A . . . . . . . . . . .

8,500

b . . . . . . . . . .

1,600

c . . . . . . . . . .

3,000

d . . . . . . . . . .

4,400

e . . . . . . . . . .

12,000

f . . . . . . . . . .

2,500

g . . . . . . . . . .

1,700

h . . . . . . . . . .

6,400

i . . . . . . . . . .

8,000

j . . . . . . . . . .

400

k . . . . . . . . . .

800

1 . . . . . . . . . .

4,000

m . . . . . . . . . .

3,000

n . . . .

8,000

o . . . .

8,000

p . . . .

1,700

q . . . .

500

r . . . .

6,200

s . . . .

8,000

t . . . .

9,000

u . . . .

3,400

v . . . .

1,200

w . . . .

2,000

X . . . .

400

y . . . .

2,000

z . . . .

200

The proportion in which a particular letter is required renders it necessary that the cells of the lower case should be arranged, not as the letters follow each, alphabetically, but that those in most frequent use should be nearest the hand of the compositor. The point to which he brings the letters, after picking them up out of their cells, is not far removed from the centre of the lower case; so that in a range of about six inches on every side he can obtain the c, d, e, i, s, m, n, h, o, p, u. t a. and r. the letters in most frequent use. The spaces, which he wants for the division of every word, lie close at his hand, at the bottom of the central division of the lower case. It must be quite obvious, that the man who contrived this arrangement saved a vast deal of time to the compositor.

The cases, particularly the upper one, are placed in a sloping position, that the compositor may the more readily reach the upper boxes. The instrument in which the letters are set is called a composing-stick, which consists of a long and narrow plate of iron, brass, or other compound metal, on the right side of which arises a ledge, which runs the whole length of the plate, and serves to sustain the letters, the sides of which are to rest against it; along this ledge is a row of holes, which serve for introducing the screw, in order to lengthen or shorten the extent of the line, by moving the sliders farther from, or nearer to, the shorter ledge at the end. Where marginal notes are required in a work, the two sliding pieces are opened to a proper distance from each other, in such a manner as that, while the distance between forms the length of the line in the text, the distance between the two sliding-pieces forms the length of the lines for the notes on the side of the page.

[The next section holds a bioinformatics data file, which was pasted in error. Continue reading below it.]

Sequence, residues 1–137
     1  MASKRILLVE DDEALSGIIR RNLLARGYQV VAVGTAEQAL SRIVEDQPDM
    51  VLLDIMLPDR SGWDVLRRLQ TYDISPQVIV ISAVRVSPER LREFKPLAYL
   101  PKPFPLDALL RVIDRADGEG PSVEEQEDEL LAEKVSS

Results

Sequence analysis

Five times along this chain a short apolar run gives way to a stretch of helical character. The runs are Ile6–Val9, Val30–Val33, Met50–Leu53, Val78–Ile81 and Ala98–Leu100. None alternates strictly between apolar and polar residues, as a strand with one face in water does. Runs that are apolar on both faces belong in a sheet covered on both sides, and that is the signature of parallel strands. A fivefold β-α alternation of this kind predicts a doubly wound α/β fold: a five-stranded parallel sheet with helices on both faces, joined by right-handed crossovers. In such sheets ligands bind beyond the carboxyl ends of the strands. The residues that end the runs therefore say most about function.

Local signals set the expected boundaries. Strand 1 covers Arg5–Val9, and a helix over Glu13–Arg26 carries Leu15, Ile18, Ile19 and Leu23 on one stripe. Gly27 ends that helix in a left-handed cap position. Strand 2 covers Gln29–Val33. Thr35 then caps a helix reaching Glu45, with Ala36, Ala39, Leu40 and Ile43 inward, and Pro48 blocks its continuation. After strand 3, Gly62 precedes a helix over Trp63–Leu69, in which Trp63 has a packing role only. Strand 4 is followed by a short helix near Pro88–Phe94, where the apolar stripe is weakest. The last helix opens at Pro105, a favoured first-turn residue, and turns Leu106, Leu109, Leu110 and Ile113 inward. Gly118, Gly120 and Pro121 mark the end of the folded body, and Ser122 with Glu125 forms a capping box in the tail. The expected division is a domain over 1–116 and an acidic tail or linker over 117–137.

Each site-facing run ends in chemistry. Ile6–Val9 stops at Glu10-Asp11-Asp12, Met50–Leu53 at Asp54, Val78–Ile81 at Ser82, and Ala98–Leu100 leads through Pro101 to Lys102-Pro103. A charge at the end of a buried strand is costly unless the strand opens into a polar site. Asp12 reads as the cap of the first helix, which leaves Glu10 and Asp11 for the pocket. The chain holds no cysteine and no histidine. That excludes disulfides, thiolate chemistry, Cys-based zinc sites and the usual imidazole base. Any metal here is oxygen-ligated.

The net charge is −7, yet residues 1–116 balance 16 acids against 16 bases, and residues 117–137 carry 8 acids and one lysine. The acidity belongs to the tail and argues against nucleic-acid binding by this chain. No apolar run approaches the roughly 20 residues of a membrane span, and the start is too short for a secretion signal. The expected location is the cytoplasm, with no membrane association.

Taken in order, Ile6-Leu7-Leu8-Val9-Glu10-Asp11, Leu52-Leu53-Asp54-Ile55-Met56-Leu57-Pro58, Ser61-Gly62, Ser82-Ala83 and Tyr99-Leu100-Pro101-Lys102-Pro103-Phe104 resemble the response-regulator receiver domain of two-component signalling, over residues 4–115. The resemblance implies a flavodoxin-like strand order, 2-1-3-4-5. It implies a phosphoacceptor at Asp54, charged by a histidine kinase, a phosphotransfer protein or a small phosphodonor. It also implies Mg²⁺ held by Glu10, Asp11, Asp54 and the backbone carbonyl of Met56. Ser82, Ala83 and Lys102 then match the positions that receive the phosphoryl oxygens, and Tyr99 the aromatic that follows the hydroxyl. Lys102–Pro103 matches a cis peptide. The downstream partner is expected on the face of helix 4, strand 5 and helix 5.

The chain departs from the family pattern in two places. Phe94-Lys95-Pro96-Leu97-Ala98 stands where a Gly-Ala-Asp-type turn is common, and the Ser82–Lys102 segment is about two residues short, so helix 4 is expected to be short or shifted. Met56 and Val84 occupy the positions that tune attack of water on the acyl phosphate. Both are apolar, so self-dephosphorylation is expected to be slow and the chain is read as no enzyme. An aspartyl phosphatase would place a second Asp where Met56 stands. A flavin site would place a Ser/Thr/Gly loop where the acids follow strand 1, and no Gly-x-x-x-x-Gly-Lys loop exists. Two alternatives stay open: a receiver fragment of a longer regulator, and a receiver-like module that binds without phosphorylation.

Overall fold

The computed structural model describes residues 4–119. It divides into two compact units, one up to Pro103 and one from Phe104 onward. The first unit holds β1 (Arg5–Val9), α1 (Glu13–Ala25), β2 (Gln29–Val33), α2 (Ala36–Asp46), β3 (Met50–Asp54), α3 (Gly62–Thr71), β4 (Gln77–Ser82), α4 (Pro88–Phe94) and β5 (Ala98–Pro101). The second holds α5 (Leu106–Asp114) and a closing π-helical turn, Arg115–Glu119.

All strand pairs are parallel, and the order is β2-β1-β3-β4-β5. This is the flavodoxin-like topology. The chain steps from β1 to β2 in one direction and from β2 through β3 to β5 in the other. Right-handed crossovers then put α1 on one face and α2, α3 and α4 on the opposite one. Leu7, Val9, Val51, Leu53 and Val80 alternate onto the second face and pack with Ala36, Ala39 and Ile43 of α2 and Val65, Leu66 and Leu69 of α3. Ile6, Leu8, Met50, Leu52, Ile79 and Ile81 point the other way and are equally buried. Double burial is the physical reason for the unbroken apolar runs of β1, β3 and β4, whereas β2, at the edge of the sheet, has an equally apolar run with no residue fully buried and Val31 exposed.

Before the compositor proceeds to compose, he puts a rule or thin slip of brass-plate, cut to the length of the line, and of the same height as the letter, in the composing-stick, against the ledge, for the letter to bear against. Thus prepared, the compositor having the copy before him, and his stick in his left hand, his thumb being over the slider; with the right hand he takes up the letters one by one, and places them against the rule, while he supports them with his left thumb by pressing them to the end of the slider, the other hand being constantly employed in setting in other letters, which is effected by a skilful workman at an average rate of about thirty per minute. A line being thus composed, if it end with a word or syllable, and exactly fill the measure, there needs no further care; otherwise more spaces are to be put in, or else the distances lessened between the several words, in order to make the measure quite full, so that every line may end even. The spaces here used are pieces of metal exactly shaped like the shanks of the letters; they are of various thicknesses, and serve to preserve a proper distance between the words; but not standing so high as the letters, they make no impression when the work is printed.